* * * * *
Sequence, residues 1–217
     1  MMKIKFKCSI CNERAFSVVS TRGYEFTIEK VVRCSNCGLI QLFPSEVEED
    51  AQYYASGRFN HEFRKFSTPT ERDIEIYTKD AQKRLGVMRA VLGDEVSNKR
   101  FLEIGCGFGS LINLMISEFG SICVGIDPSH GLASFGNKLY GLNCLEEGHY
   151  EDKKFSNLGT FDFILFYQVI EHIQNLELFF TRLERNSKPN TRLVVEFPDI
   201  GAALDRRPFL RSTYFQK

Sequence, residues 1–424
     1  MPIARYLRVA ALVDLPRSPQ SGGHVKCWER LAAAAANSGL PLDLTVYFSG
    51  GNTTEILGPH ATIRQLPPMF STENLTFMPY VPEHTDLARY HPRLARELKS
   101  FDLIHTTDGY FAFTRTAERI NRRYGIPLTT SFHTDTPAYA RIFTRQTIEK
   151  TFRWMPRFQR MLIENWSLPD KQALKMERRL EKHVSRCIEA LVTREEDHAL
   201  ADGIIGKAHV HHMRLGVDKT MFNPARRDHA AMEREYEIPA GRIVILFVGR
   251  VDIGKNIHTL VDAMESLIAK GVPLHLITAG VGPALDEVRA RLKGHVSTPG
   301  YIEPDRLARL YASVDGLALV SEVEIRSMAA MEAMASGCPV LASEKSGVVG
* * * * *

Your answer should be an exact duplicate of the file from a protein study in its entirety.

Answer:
Sequence, residues 1–217
     1  MMKIKFKCSI CNERAFSVVS TRGYEFTIEK VVRCSNCGLI QLFPSEVEED
    51  AQYYASGRFN HEFRKFSTPT ERDIEIYTKD AQKRLGVMRA VLGDEVSNKR
   101  FLEIGCGFGS LINLMISEFG SICVGIDPSH GLASFGNKLY GLNCLEEGHY
   151  EDKKFSNLGT FDFILFYQVI EHIQNLELFF TRLERNSKPN TRLVVEFPDI
   201  GAALDRRPFL RSTYFQK

Sequence, residues 1–424
     1  MPIARYLRVA ALVDLPRSPQ SGGHVKCWER LAAAAANSGL PLDLTVYFSG
    51  GNTTEILGPH ATIRQLPPMF STENLTFMPY VPEHTDLARY HPRLARELKS
   101  FDLIHTTDGY FAFTRTAERI NRRYGIPLTT SFHTDTPAYA RIFTRQTIEK
   151  TFRWMPRFQR MLIENWSLPD KQALKMERRL EKHVSRCIEA LVTREEDHAL
   201  ADGIIGKAHV HHMRLGVDKT MFNPARRDHA AMEREYEIPA GRIVILFVGR
   251  VDIGKNIHTL VDAMESLIAK GVPLHLITAG VGPALDEVRA RLKGHVSTPG
   301  YIEPDRLARL YASVDGLALV SEVEIRSMAA MEAMASGCPV LASEKSGVVG